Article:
This week in Summit County history: Fair minstrels to entertain Breckenridge |

This week in Summit County history: Fair minstrels to entertain Breckenridge

Compiled by Breckenridge Heritage Alliance
Special to the Daily
Stilt dancers from Frequent Flyers got high-fives from kids at the Blue River Plaza.
Heather Jarvis / |

This week in history as reported by the Summit County Journal 100 years ago, the week of June 6-10, 1916.

A ladies’ minstrel show in which a dozen well known Breckenridge ladies will take part, will be among the attractions here within the next two or three weeks. The date of their appearance has not been announced but it will be so soon that you had better make arrangements right away if you want to attend — and of course you do.

The array of talent promised is something to cause the fondest anticipations. Now and up-to-date songs, quips and jibes are on the program and there will be several interesting specialties, among them the famous barefoot dancer, an artistic, refined high-class event everyone will enjoy. The young lady who will undertake this difficult, graceful conception of terpis chorean art has not been announced to the public, which makes it all the more interesting.

Good showing in new Montezuma prospect

On the Deluge property in the Montezuma district, a prospect on which work has recently commenced, some high-grade silver-lead-zinc ore has been opened up. Some of the ore, one of the owners states, has a value reaching into the hundreds and promise of a mine of considerable consequence is held out to the owners of the Inheritance Mining company, composed of Thomas Howell, Charles Sutton and Thomas Hobbs.

Participate in The Longevity Project

The Longevity Project is an annual campaign to help educate readers about what it takes to live a long, fulfilling life in our valley. This year Kevin shares his story of hope and celebration of life with his presentation Cracked, Not Broken as we explore the critical and relevant topic of mental health.

The property is located on Dear Mountain, across the gulch from the St. John mine and is in a section but little prospected, it having been considered by most prospectors and miners of the district to be outside the mineral zone proper. While no great depth has been reached, considerable surface work has been done and the vein has been opened to a good width. The showing is so encouraging that arrangements are being made to do extensive development work.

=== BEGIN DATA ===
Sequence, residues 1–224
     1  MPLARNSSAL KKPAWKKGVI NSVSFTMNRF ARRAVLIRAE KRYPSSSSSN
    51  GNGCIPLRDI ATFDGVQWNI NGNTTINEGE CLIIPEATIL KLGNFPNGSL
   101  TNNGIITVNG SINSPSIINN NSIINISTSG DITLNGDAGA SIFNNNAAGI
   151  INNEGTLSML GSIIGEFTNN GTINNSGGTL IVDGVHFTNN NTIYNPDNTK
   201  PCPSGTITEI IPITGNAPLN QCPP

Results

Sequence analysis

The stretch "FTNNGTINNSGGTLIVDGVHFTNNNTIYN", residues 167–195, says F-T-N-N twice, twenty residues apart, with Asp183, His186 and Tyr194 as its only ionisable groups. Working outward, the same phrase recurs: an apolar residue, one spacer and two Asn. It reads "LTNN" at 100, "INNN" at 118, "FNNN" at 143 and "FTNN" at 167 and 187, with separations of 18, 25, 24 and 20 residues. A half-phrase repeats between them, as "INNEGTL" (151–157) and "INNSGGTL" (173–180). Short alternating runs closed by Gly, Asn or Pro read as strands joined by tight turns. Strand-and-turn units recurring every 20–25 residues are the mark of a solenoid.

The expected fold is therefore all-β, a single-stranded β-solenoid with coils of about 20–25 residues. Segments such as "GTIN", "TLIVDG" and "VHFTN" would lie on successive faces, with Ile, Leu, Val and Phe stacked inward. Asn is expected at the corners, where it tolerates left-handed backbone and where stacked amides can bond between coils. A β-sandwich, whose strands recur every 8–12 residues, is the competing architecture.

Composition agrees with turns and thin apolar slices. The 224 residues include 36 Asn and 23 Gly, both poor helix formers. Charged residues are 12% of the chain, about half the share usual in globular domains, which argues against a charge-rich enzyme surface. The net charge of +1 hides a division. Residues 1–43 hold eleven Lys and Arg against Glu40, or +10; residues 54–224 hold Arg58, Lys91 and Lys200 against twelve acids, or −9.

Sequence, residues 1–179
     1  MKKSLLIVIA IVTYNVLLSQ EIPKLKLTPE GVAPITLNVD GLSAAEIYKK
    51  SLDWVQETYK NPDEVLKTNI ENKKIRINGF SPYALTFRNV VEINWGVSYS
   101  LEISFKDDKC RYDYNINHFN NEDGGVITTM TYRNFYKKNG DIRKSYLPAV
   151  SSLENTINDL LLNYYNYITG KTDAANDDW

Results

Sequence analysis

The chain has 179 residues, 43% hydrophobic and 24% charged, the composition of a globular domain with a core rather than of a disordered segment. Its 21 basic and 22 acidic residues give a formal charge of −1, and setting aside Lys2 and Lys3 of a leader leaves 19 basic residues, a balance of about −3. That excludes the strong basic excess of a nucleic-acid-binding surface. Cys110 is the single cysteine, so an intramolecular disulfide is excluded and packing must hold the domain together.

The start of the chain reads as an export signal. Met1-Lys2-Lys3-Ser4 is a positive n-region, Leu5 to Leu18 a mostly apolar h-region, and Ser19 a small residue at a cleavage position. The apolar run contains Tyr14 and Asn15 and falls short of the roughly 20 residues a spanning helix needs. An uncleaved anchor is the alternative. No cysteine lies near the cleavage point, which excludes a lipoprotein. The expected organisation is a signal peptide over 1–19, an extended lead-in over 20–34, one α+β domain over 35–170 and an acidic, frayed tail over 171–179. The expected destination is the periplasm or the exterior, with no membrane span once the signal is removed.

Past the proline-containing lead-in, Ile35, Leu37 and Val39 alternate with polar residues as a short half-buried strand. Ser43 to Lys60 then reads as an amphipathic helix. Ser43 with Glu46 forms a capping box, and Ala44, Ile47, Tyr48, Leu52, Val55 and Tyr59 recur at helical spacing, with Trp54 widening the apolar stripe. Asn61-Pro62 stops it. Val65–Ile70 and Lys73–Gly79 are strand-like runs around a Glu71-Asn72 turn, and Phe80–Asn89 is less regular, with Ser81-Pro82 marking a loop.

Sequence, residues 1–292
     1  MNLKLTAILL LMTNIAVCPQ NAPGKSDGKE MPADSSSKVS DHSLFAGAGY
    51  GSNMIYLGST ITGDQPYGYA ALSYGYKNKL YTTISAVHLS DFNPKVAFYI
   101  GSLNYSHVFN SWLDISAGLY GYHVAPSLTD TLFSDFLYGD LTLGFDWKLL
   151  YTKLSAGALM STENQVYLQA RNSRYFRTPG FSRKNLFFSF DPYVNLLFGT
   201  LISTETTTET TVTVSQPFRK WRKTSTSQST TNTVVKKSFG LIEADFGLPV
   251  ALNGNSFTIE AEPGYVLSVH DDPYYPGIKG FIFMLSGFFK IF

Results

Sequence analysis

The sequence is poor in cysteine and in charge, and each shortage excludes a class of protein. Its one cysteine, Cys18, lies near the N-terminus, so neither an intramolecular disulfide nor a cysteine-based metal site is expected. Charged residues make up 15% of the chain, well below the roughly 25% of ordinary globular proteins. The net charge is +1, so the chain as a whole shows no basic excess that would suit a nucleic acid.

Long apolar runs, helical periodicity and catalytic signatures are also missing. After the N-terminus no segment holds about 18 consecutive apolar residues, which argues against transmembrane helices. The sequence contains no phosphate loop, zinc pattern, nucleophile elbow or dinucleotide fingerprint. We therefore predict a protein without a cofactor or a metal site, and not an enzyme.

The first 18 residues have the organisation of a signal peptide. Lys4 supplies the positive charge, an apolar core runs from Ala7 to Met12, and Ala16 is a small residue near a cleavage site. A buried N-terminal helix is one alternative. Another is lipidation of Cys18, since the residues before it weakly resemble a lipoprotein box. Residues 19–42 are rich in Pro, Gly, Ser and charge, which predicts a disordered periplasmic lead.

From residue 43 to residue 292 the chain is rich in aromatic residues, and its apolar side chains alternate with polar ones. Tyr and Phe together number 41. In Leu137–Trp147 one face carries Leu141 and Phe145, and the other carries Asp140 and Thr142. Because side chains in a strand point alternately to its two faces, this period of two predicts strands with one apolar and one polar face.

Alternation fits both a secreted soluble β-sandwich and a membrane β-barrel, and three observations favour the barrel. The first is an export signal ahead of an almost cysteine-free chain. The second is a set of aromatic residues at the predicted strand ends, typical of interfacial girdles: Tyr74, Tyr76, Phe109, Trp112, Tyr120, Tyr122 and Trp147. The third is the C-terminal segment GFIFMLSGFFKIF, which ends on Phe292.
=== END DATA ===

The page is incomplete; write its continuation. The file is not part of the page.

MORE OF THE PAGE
Special Sunday train

The Colorado & Southern will run a special train tomorrow from Leadville to Breckenridge. The train will leave Leadville at 8 a.m., and returning, will leave Breckenridge at 5 p.m.

This means that Breckenridge people will be hosts to Leadville people. Just what we will offer in the way of entertainment is uncertain, but it is to be hoped that many people will come, that they will find their visit an interesting one and go home with a good opinion of the Summit county metropolis.

Newlyweds to make Breckenridge home

Mr. and Mrs. Harry Rogers Thomson who were married in Buena Vista on Wednesday of last week, arrived in Breckenridge Saturday and will make their home here, having taken the Goodier cottage on South Main street. 

The bride, who before her marriage was Miss Alma Wilma Meinsen, came to Colorado from Kansas City. The bridegroom is a machinist and has been employed at the Tonopah shops for the past four months.

Infant is nearly drowned

John, the two-year-old son of Mr. and Mrs. John Cullen narrowly escaped death from drowning Saturday, when he fell into the small but rather swift stream which passes near the P.J. Theobald cottage, occupied by the youngster’s uncle and aunt, Mr. and Mrs. Ray Parker. No one saw the tot fall. He was discovered by Mrs. Parker, the current having washed him against a log across the stream.

When taken out of the stream, he was apparently lifeless. W.E. Terrell drove near the scene a moment afterward. The limp little form was placed in the rig and a record run made to Dr. Graham’s office. Heroic methods were adopted in forcing the water from the lungs and restoring respiration.

For a time it seemed that all effort to save the little one’s life would prove unsuccessful, but Dr. Graham and his helpers were finally rewarded by evidence of returning life and continued treatment resulted in complete recovery.

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